Overscan is Evil

If a gallon of gas measured 5% less than advertised, would you still call it a gallon? Many televisions have a nasty habit of hiding (literally destroying) visual information along the border of the video image, reducing the detail and clarity of the remaining visible picture that fills the screen. Overscan is the excessive scaling of video beyond the edge of a TV's screen. For example, a TV that exhibits 5% overscan fails to display the outermost 5% of the pixels along the video border.

Examples of Overscan

The following pictures show the lower right corner of a 1080p flat panel HDTV's screen, including a bit of its black bezel. This HDTV has a default overscan of about 6% and an underscan display mode that reveals every pixel of the incoming video signal. The left half of each picture shows the TV screen with its default overscan setting, and the right half shows the same portion of the TV screen and the same frame of the video but with overscan disabled - an underscanned picture. In each image, I've highlighted the details concealed by TV's default overscan mode in yellow.

Carousel imageCarousel imageCarousel image

Why Overscan is Bad

The relatively small percentages of video overscan I've mentioned may not sound like much, but the losses incurred scale with screen size. A 65-inch 1080p TV with 6% overscan (a typical amount) is missing 1.7 inches of video data from the left and right sides of an HD image - a total of 3.4 inches of lost visual information (horizontally.) With full-frame 1080p video, a 6% overscan equals a loss of over 124,000 video pixels - regardless of screen size. Any amount of video overscan introduced by a display device can soften the picture, and it always results in a significant loss of detail.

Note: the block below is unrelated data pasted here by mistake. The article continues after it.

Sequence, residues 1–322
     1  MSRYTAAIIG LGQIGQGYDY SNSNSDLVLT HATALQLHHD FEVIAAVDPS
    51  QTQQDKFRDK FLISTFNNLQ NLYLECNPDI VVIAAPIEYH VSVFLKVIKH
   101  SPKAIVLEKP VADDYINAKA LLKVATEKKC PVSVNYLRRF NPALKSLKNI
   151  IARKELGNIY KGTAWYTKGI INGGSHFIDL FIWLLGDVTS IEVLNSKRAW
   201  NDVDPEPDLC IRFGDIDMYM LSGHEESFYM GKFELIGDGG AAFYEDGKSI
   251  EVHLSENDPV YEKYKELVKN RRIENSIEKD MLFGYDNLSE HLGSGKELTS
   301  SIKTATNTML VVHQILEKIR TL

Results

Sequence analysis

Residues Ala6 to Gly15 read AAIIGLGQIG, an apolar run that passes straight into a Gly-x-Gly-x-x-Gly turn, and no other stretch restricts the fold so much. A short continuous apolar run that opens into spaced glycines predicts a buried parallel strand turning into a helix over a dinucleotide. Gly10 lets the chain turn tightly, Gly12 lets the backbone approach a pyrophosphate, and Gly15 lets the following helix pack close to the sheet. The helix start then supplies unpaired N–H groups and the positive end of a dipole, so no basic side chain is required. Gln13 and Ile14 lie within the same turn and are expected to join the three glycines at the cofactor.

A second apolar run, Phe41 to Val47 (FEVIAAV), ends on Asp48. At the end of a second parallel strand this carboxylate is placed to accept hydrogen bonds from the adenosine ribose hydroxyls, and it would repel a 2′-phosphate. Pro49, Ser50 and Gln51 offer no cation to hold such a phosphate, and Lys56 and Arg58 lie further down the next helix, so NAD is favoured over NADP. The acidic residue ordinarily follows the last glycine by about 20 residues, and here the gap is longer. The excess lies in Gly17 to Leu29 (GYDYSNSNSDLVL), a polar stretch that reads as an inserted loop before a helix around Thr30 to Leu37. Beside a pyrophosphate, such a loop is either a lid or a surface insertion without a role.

Eliminating Overscan

Manufacturers label picture size settings that reduce overscan as Just Scan, Dot-by-Dot, Screen Fit, and sometimes (accurately) Overscan with a related on/off control. Many new TVs default to a picture size setting labeled 16:9 (or Auto) that unintuitively produces an overscanned image. Also, overscan controls are often unique to each video format. So turning off overscan for 1080i/p video sources doesn't automatically turn off overscan for 720p or standard definition sources.

Fix it or upgrade

It doesn't matter if the video source is a favorite streaming app, a next-generation game console, or Blu-ray movies: a good TV doesn't waste a single pixel! You should see everything as the content creator intended! Of course, televisions can degrade image quality in many other ways, but video overscan shouldn't be one.